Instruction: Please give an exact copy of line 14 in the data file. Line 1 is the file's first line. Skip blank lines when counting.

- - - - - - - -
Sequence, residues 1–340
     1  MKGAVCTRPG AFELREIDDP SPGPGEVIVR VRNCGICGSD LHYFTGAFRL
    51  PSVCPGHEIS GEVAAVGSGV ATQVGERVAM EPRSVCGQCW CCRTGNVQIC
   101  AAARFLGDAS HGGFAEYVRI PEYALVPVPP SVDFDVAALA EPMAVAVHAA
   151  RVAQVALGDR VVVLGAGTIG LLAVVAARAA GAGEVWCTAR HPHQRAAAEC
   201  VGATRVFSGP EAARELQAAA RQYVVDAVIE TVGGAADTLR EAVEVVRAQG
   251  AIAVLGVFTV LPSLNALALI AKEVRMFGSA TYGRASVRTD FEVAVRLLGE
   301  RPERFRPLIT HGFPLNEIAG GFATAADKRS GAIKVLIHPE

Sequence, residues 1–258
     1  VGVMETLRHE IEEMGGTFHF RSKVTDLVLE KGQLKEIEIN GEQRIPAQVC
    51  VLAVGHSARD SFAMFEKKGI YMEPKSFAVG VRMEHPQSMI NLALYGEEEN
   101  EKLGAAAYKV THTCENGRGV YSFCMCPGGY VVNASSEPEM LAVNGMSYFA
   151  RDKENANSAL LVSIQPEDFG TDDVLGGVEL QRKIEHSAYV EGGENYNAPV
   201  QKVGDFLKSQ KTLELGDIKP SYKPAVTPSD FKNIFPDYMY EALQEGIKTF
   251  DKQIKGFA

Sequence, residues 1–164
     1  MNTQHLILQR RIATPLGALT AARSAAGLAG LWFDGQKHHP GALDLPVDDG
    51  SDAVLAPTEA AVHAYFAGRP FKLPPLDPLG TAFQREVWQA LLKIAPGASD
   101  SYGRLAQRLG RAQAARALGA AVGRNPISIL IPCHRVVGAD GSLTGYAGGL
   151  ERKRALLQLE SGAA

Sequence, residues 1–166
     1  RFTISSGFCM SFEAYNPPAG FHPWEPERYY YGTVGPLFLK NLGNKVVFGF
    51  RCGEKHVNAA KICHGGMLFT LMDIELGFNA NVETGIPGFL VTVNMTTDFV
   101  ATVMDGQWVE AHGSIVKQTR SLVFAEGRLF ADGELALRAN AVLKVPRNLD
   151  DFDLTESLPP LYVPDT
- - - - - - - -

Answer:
   201  QKVGDFLKSQ KTLELGDIKP SYKPAVTPSD FKNIFPDYMY EALQEGIKTF